This year has been a significant one for women working in tech. The recent protests at Google, the UK’s Payment Transparency Regulations, and an increased awareness of the challenges women face in the workplace as raised by the #metoo movement—all of these things show that, decades after being systematically pushed out of the tech sector, women are eking back footing in the industry.
According to The Women in Tech Survey Report, 54% of women believe there are now more women working in tech than five years ago. Countless charities, initiatives, and user groups are working hard to make tech more inclusive, to get more girls into STEM, and to help women get the recognition and the fair treatment they deserve at every stage of their careers; thanks to their hard work, the cause is marching in the right direction.
But for all the ground we’ve gained in the past year, we’re still not where we’d like to be. In the aforementioned study, female tech professionals cited being taken seriously as the number one challenge in their careers.
For almost two-thirds of women working in tech, simply being recognized and acknowledged as a capable professional in their industry is a trial. Changing hearts and minds is a demanding and arduous task, and faced with such a mammoth amount of discrimination, it’s easy to see why more women aren’t chomping at the bit to get into tech.
Women are still trickling into the tech industry; we have yet to see the surge of female talent necessary not only to improve representation, but to plug the burgeoning skills gaps threatening many corners of the tech sector.
The annual AnitaB.org report tracks female technologists, tallying the number of women are working in the tech space year-on-year. In 2018, the report revealed an increase of just 1.08%; a drop on 2017’s growth of 1.2%.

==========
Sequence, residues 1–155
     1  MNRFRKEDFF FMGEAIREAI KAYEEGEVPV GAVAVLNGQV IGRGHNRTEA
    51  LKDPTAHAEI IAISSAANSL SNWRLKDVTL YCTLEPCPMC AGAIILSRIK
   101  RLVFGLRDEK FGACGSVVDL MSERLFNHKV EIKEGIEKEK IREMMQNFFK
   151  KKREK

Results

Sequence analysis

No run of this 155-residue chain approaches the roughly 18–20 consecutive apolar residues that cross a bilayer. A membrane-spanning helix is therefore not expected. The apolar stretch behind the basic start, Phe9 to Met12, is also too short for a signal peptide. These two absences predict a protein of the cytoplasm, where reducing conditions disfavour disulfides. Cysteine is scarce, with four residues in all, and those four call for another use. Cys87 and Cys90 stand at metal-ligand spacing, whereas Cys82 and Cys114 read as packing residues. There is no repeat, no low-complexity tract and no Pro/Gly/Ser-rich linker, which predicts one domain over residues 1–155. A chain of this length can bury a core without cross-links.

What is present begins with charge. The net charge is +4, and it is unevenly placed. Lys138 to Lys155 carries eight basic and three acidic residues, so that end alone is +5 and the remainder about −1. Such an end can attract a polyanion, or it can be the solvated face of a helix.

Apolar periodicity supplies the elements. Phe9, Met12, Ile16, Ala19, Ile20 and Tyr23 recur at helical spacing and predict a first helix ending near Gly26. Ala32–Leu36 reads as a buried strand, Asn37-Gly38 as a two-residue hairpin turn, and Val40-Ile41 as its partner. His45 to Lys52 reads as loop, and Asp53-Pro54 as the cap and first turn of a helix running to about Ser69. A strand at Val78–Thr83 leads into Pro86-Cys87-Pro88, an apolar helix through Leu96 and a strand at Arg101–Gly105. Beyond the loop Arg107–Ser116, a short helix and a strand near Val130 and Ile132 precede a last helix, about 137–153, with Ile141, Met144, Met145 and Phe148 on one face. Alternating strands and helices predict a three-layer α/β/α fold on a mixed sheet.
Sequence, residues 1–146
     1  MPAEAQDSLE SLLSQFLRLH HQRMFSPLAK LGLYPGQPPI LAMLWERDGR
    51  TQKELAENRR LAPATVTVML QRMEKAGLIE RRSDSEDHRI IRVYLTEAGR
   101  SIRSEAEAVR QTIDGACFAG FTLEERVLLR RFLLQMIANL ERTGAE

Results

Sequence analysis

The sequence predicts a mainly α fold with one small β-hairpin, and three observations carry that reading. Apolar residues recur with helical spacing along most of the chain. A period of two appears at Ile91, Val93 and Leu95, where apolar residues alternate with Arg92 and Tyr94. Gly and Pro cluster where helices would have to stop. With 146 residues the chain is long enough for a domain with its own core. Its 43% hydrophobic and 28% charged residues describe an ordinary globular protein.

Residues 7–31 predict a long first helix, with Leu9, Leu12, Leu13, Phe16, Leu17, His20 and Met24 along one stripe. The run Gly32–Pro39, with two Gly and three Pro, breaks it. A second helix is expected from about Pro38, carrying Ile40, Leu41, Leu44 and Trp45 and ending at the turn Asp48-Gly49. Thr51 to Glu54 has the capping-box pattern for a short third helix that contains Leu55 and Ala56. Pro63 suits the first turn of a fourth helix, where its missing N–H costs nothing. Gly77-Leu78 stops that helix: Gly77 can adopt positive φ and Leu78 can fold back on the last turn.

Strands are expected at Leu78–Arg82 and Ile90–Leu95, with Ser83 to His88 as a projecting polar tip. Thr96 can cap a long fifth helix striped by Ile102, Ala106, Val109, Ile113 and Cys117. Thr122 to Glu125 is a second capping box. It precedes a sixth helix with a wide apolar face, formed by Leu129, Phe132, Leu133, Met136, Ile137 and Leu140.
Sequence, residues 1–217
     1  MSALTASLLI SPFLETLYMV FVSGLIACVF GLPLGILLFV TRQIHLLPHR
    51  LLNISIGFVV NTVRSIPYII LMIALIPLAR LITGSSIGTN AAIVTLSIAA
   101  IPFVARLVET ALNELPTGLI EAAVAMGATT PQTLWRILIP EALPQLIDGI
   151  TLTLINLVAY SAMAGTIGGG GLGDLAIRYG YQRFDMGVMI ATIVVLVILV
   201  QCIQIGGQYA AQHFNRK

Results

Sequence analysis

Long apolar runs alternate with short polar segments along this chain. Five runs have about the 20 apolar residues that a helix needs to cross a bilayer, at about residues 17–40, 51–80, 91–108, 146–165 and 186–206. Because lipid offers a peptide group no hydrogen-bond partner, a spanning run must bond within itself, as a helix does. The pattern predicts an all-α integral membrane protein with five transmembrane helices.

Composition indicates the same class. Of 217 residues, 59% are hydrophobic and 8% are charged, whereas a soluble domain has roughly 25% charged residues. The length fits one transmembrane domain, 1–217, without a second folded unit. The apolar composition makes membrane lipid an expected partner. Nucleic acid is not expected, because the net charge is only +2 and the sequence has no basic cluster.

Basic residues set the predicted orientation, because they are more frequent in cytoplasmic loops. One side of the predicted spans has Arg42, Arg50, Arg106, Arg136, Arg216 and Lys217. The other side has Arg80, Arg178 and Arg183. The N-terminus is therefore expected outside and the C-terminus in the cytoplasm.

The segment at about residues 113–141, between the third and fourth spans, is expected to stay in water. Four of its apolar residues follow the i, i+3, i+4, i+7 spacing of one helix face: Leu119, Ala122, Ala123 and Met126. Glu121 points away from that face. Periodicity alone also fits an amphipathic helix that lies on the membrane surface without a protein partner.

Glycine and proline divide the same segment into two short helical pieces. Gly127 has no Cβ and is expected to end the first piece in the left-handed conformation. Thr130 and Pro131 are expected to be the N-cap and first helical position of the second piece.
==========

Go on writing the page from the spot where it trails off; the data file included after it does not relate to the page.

So why the drop-off? And what can be done to open the door a little wider, to tempt female women into the challenging, rewarding, and exciting world of tech?
Anyone versed on the subject of diversity and inclusion will tell you that the power of visibility cannot be overstated. For women in the tech industry though, visible female leaders are few and far between. Seventy percent of startups in the US have no women on their board of directors, and more than half have no female executives.
The New York Times recently reported that there were fewer women directing top-grossing firms than men named Michael or John. Men named John make up a total of 3.3% of the US population; women represent 50.8%.
This is despite persistent evidence that women in leadership positions outperform men. A study led by Professor Øyvind L. Martinsen, of BI Norwegian Business School, assessed the personality and characteristics of nearly 3,000 managers, and found that women outperformed men in four of the five categories. Deloitte also recently released a report which found that the presence of women in leadership positions correlates with higher financial performance, better team dynamics and higher productivity levels.
Representation is a crucial factor at every level, from the boardroom to new employees taking the first steps in their careers; but having women in the C-Suite is key not only to improving the visibility of women in tech, but also to culture-building and enacting policy change.
Having a female point of view at a decision-maker level will help create an environment in which women can thrive. A homogenous C-Suite may be unfamiliar with the challenges faced by women in tech—though they might appreciate that diversity can help their company, without cognitive diversity at the highest level, could be unsure as to how to create a more inclusive culture in order to attract and retain the best talent.